reproduction that includes combining the genetic contribution of two individuals, a male and a female
uses touch to communicate
the region of the earth that surrounds the equator, from 23.5 degrees north to 23.5 degrees south.
- tropical savanna and grassland
A terrestrial biome. Savannas are grasslands with scattered individual trees that do not form a closed canopy. Extensive savannas are found in parts of subtropical and tropical Africa and South America, and in Australia.
A grassland with scattered trees or scattered clumps of trees, a type of community intermediate between grassland and forest. See also Tropical savanna and grassland biome.
- temperate grassland
A terrestrial biome found in temperate latitudes (>23.5° N or S latitude). Vegetation is made up mostly of grasses, the height and species diversity of which depend largely on the amount of moisture available. Fire and grazing are important in the long-term maintenance of grasslands.
uses sight to communicate
reproduction in which fertilization and development take place within the female body and the developing embryo derives nourishment from the female.
Aitkin, L. 1998. Zoophysiology: Hearing- The Brain and Auditory Communication in Marsupials. Berlin: Springer.
Bianchi, R., S. Mendes. 2007. Ocelots (Leopardus pardalis) predation on primates in Caratinga Biological Station, southeast Brazil. American Journal of Primatology, 69: 1173-1178.
Carmignotto, A., N. de la Sancha, D. Flores, P. Teta. 2011. "http://www.iucnredlist.org." (On-line). IUCN Red List of Threatened Species. Accessed July 11, 2013 at
Coopers, C., P. Withers, A. Cruz-Neto. 2009. Metabolic, ventilatory, and hygric physiology of the gracile mouse opossum (Gracilinanus agilis). Physiological and Biochemical Zoology, 82:2: 153-162.
Creighton, G., A. Gardner. 2008. Genus Gracilinanus. Pp. 43-50 in A Gardner, ed. Mammals of South America: Marsupials, Xenarthrans, Shrews, and Bats, Vol. 1. Chicago: University of Chicago Press.
Fadem, B., E. Cole. 1985. Scent-marking in the gray short-tailed opossum (Monodelphis domestica). Animal Behaviour, 33: 730-738.
Feldhamer, G., L. Drickhamer, S. Vessey, J. Merritt. 2004. Chapter 10: Monotremes and Marsupials. Pp. 168-187 in G Feldhamer, L Drickhamer, S Vessey, J Merritt, eds. Mammalogy: Adaptation, Diversity, and Ecology, Vol. 2. New York: McGraw Hill.
Fernandes, F., L. Cruz, M. Martins, S. dos Reis. 2010. Growth and home range size of the gracile mouse opossums Gracilinanus microtarsus (Marsupialia: Didelphidae) in Brazilian cerrado. Journal of Tropical Ecology, 26: 185-192.
Ferreira, G., E. Nakano-Oliveira, G. Genaro, A. Lacerda-Chaves. 2013. Diet of the coati Nasua nasua (Carnivora: Procyonidae) in an area of woodland inserted in an urban environment in Brazil. Revista Chilena de Historia Natural, 8: 95-102.
Frost, S., R. Masterton. 1994. Hearing in primitive mammals: Monodelphis domestica and Marmosa elegans. Hearing Research, 76: 67-72.
Garcia, J., J. Oliveira, M. Correa, L. Pessoa. 2010. Morphometrics and cytogenetics of Gracilinanus agilis and Cryptonanus spp. (Didelphimorphia: Didelphidae) from central and northwestern Brazil. Mastozoologia Neotropical, 17:1: 53-60.
Gardner, A. 2008. Tribe Monodelphini. Pp. 39-43 in A Gardner, ed. Mammals of South America: Marsupials, Xenarthrans, Shrews, and Bats, Vol. 1. Chicago: University of Chicago Press.
Granzinolli, M., J. Motta-Junior. 2006. Small mammal selection by the white-tailed hawk in southeastern Brazil. The Wilson Journal of Ornithology, 118:1: 91-98.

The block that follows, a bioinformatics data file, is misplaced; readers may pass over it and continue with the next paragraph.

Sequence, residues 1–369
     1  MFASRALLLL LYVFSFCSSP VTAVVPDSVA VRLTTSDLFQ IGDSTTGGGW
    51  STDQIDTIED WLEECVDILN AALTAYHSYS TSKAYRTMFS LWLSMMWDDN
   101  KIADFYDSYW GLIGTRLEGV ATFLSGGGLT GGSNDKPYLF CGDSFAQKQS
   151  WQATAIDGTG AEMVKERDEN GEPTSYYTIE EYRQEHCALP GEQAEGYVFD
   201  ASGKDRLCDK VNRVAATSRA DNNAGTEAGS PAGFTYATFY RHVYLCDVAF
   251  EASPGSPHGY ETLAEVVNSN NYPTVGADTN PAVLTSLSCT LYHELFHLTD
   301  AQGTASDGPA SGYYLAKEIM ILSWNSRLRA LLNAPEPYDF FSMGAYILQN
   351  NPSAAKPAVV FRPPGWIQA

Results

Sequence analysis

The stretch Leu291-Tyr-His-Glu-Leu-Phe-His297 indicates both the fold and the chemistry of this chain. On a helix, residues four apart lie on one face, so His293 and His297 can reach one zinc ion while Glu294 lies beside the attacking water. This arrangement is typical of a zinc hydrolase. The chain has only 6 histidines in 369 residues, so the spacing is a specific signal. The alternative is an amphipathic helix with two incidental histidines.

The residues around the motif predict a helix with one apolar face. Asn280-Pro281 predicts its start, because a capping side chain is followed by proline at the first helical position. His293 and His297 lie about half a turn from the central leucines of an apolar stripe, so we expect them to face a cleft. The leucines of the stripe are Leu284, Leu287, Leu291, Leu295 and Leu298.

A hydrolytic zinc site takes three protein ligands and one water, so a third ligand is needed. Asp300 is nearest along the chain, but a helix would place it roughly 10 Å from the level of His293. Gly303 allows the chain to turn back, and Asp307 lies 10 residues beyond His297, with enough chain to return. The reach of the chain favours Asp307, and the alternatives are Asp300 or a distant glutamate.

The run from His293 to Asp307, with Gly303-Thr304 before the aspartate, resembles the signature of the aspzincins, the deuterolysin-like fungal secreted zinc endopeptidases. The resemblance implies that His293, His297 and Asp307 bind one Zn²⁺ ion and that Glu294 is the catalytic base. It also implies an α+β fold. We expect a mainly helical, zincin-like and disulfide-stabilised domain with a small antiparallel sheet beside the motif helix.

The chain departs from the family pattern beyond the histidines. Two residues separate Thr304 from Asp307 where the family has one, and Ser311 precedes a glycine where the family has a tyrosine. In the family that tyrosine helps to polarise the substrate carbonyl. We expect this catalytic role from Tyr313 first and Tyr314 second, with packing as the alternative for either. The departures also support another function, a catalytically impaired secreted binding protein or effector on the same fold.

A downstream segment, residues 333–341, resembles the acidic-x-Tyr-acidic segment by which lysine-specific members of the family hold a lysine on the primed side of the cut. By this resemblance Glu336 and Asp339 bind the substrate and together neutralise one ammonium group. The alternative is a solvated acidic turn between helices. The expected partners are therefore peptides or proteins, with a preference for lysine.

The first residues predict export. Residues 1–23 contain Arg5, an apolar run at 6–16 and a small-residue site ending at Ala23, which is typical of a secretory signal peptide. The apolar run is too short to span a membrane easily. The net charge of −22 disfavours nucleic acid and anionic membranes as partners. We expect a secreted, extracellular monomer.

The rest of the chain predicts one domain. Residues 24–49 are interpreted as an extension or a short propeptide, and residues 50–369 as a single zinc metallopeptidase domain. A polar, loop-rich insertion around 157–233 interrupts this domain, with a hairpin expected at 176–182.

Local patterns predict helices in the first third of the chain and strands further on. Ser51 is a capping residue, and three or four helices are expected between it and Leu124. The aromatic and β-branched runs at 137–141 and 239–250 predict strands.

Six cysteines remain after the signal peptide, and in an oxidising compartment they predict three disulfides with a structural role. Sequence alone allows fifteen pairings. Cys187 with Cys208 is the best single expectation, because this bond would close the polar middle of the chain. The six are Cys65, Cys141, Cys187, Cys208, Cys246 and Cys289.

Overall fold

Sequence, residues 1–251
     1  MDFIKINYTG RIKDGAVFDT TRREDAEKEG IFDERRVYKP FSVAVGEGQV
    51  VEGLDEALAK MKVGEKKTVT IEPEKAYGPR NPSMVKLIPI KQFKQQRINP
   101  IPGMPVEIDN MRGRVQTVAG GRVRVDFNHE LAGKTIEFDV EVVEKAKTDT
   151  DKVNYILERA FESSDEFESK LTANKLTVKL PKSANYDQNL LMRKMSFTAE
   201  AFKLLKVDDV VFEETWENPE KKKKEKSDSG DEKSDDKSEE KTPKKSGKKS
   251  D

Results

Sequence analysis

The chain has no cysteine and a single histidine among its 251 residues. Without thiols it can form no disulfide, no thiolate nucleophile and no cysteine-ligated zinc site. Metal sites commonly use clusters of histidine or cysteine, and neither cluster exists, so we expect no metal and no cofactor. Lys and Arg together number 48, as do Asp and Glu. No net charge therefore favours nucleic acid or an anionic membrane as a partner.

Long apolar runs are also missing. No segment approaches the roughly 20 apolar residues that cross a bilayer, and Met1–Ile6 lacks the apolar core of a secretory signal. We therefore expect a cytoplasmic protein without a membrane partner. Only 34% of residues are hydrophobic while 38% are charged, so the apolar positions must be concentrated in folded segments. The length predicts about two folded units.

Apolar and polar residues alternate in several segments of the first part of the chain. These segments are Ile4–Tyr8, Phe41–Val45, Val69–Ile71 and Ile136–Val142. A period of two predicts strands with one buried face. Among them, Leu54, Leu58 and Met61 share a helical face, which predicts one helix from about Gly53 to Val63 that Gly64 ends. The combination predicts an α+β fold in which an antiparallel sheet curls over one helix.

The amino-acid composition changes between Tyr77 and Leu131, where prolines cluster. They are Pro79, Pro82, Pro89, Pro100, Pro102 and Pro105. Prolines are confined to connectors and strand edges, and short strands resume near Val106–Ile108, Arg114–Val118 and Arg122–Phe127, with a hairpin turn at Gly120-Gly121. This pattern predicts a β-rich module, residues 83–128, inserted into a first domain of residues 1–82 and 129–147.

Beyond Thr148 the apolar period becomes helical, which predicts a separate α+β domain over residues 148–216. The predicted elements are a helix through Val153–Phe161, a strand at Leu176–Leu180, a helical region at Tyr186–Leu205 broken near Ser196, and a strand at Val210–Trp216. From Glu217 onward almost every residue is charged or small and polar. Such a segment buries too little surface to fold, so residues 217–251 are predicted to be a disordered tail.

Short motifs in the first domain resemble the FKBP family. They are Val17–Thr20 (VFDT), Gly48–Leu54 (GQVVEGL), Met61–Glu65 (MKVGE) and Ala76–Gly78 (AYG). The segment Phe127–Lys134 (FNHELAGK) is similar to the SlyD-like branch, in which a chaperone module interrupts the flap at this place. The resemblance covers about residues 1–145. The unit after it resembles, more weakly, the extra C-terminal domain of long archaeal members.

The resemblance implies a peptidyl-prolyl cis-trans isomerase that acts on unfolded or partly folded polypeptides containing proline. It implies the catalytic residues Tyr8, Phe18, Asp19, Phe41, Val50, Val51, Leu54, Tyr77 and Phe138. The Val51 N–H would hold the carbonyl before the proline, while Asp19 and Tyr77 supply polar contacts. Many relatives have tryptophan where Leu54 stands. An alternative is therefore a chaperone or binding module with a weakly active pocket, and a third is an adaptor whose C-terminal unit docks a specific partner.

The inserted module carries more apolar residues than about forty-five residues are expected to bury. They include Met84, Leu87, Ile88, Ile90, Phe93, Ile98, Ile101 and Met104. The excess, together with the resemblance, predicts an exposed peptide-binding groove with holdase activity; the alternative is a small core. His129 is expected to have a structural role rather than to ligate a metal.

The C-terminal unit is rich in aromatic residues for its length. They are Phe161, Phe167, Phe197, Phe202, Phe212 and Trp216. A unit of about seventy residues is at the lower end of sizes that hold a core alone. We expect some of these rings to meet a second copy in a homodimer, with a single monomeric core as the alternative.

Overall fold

Holmes, D. 1992. Odors as cues for orientation to mothers by weanling Virginia opossums. Journal of Chemical Ecology, 18:12: 2251-2259.
Martinelli, A., M. Ferraz, V. Teixeira. 2011. Range extension and first record of Crytonanus chacoensis (Mammalia, Didelphimorphia, Didelphidae) in west Minas Gerais State, Brazil. Historia Natural, 1:2: 113-118.
Motta-Junior, J., C. Alho, S. Beletani. 2004. Food habits of the striped owl Asio clamator in southeast Brazil. Journal of Raptor Research, 38: 777-787.
Nowak, R. 1999. Order Didelphimorphia. Pp. 17-35 in R Nowak, ed. Walker's Mammals of the World, Vol. 6 Ed. Baltimore: The John's Hopkins University Press.
O'Connell, M. 2006. American opossums. Pp. 808-813 in D MacDonald, S Norris, eds. The Encyclopedia of Mammals, Vol. 1. London: The Brown Reference Group.
Oswaldo-Cruz, E., J. Hokoc, A. Sousa. 1979. A schematic eye for the opossum. Vision Research, 19:3: 263-278.
Souza, D., P. Asfora, T. Lira, D. Astua. 2010. Small mammals in barn owl (Tyto alba- Aves, Strigiformes) pellets from northeastern Brazil, with new records of Gracilinanus and Cryptonanus (Didelphimorphia, Didelphidae). Mammalian Biology, 75:4: 370-374.
Torres, E., A. Maldonado Jr, R. Lanfredi. 2007. Pterygodermatites (Paucipectines) jagerskioldi (Nematoda: Rictulariidae) from Gracilinanus agilis and <<G. microtarsus (Marsupialia: Didelphidae) in Brazilian pantanal and Atlantic forest by light and scanning electron microscopy. Journal of Parasitology, 93:2: 274-279.
Umetsu, F., R. Pardini. 2007. Small mammals in a mosaic of forest remnants and anthropogenic habits- evaluating matrix quality in an Atlantic forest landscape. Landscape Ecology, 22: 517-530.
Volchan, E., C. Vargas, J. Guedes da Franca. 2004. Tooled for the task: Vision in the opossum. Bioscience, 54:3: 189-194.
Wilson, E. 2000. Evolutionary trends within the mammals. Pp. 456-478 in E Wilson, ed. Sociobiology: The New Synthesis, Vol. 25th Anniversary Edition. Cambridge: The Bellknap Press of Harvard.
de Camargo, N., R. Cruz, J. Ribeiro, E. Vieria. 2011. Frugivory and potential seed dispersal by the marsupial Gracilinanus agilis (Didelphidae: Didelphimorphia) in areas of cerrado in central Brazil. Acta Botanica Brasilica, 25:3: 646-656.